Estimated costs for the European Central Bank's new headquarters in Frankfurt have more than doubled. As has been happening with so many major projects in Germany, its construction has been plagued by poor planning, oversight and execution -- and endless delays.

It was May 19, 2010. Jean-Claude Trichet, the ECB's president at the time, had invited his guests to a dicey part of the city for the groundbreaking ceremony. They gathered in front of the building pit, from which a futuristic tower was to arise: an architecturally thrilling, 45-story skyscraper, a symbol of the power of Europe's shared currency.

Three-and-a-half years later, in the fall of 2013, there is a different reality in Frankfurt's Ostend district. Instead of the original estimated cost of €500 million ($690 million), the entire project will now cost at least €1.15 billion and could even eventually climb to €1.3 billion. The ECB has also had to postpone its move. Originally scheduled for completion in 2011, the building is now not expected to be ready for occupancy until at least the end of 2014.---

The demands of the project's European managers were apparently as sky-high as the new tower. Vienna-based architect Wolf Prix and his firm, Coop Himmelb(l)au, had designed the building as two twisted towers connected by hanging gardens, made almost entirely of glass and steel. The skyscraper looks more like a giant sculpture than an office building.
With a number of euro countries groaning under their debt burdens, provoking angry protests from Greece to Portugal, the aesthetics and features of the ECB tower seem oddly inappropriate. Do the taxpayer-funded central bankers really need a headquarters building that is 30 meters (98 feet) taller and twice as expensive as the twin towers of Deutsche Bank, Germany's largest bank?
When the monetary watchdogs move into their new home, their offices are likely to be among the most expensive in the euro zone. As the complex will house about 2,000 employees and cost more than €1 billion to build, each workspace will be worth about €600,000, or as much as a very comfortable single-family home. In commercial real estate, €30,000 per desk space is usually considered "upscale."

Read the entire article here

Wind and solar power put German net stability at risk - cost of a 60 minute blackout: 600 million euro!

Germans are beginning to see the reality of Angela Merkel's hastily undertaken energy transition policy. The huge subsidies for wind and solar power have led to ever increasing utility bills both for households and businesses in Germany, and - what is really worrying - the stability of Germany's electricity generation is at risk.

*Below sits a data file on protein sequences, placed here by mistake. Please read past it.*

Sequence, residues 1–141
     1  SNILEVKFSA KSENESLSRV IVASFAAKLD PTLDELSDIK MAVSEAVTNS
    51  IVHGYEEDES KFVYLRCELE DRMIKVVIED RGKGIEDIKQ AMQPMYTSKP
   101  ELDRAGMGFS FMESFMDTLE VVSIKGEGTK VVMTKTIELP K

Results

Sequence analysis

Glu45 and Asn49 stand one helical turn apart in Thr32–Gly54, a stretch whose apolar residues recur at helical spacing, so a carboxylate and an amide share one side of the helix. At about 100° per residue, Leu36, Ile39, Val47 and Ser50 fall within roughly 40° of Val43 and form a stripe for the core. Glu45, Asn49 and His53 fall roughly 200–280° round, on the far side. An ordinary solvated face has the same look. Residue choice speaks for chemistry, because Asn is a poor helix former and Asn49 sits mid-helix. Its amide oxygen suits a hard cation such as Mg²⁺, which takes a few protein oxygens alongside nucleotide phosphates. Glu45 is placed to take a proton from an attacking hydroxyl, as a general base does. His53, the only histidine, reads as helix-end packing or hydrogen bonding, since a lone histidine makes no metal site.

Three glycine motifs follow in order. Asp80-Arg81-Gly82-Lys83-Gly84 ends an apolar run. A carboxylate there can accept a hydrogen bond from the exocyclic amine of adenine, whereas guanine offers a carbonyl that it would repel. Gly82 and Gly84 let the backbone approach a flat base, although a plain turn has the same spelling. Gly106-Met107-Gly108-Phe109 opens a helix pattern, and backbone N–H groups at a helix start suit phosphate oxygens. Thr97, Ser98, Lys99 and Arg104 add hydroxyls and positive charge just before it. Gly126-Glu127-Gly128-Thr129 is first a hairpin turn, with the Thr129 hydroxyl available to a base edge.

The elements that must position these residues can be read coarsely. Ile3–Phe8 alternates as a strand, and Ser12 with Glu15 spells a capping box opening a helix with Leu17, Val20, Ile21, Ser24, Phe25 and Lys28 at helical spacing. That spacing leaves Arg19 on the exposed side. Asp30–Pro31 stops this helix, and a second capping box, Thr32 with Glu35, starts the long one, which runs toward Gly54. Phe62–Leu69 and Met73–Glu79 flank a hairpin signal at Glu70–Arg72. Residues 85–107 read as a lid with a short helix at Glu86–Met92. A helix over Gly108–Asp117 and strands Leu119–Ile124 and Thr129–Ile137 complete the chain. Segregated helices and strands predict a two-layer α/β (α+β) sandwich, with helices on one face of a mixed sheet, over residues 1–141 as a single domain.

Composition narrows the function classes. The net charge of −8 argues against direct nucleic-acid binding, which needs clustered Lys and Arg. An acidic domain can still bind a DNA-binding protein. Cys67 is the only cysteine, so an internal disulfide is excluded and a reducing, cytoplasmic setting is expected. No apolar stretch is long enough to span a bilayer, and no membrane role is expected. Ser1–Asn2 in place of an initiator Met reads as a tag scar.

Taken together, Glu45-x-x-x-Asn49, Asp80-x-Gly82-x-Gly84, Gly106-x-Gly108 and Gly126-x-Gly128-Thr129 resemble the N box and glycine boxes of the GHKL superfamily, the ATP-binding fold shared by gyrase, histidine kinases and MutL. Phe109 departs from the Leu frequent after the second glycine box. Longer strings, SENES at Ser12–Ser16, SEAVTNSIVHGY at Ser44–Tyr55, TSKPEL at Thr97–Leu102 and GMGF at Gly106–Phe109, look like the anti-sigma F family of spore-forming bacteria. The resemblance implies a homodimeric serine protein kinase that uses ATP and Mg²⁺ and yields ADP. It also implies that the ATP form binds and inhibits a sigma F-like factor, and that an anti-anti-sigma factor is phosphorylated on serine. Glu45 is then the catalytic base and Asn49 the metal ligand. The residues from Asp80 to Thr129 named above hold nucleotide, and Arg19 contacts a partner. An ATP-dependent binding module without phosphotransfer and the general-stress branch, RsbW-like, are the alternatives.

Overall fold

The German think tank Hamburger Weltwirtschaftsinstitut (HWWI) has now published a study, according to which the cost of even a short energy blackout - one hour - would be close to 600 million euro - no small amount, even in rich Germany.

Particularly Germany's industrial engine in the south should be worried, according to the study:

In the light of past experiences in Germany, the scenario of a county-wide blackout underlying our analysis may seem unlikely. However, recent studies point to considerable dangers for network security resulting from the shift in German power supply towards renewable energies (Dena, 2010). In this regard, a major drawback of electricity generation through wind and solar energy is its dependence on current weather conditions. An ongoing expansion of these energy sources will thus cause overall power supply to become more volatile and less predictable. In general, this renders the task of balancing feed-in and consumption volumes at each point in time more difficult for network operators. This is aggravated by a spatial shift of generation capacities. Due to climate conditions, the installation of wind turbines tends to be more profitable in the northern part of Germany, especially when considering the potentials of offshore wind parks. Already today, the result is a gap in the supply potential of electricity between North and South. At the same time, high-demand areas are still concentrated in West and South.---

A North-South divide is apparent, where the north appears more saturated in terms of electricity. In the South, only a few counties have high levels of electricity saturation, which are the locations of larger conventional power plants. Considering the fact that several of the nuclear power plants, primarily located in the South, have been terminated in 2011 and the remaining are set to be shut down in 2022, the level of electricity autarky in southern Germany will further be on the decline. The consequential need for long-distance power transmission will put further pressure on transmission capacities.

No wonder then that the CEOs of Europe's four largest energy companies recently called for an end to subsidies for wind and solar power:

The stability of Europe’s electricity generation is at risk from the warped market structure caused by skyrocketing renewable energy subsidies that have swarmed across the continent over the last decade.
This sentiment was echoed a week ago by the CEOs of Europe’s largest energy companies, who produce almost half of Europe’s electricity. This group joined voices calling for an end to subsidies for wind and solar power, saying the subsidies have led to unacceptably high utility bills for residences and businesses, and even risk causing continent-wide blackouts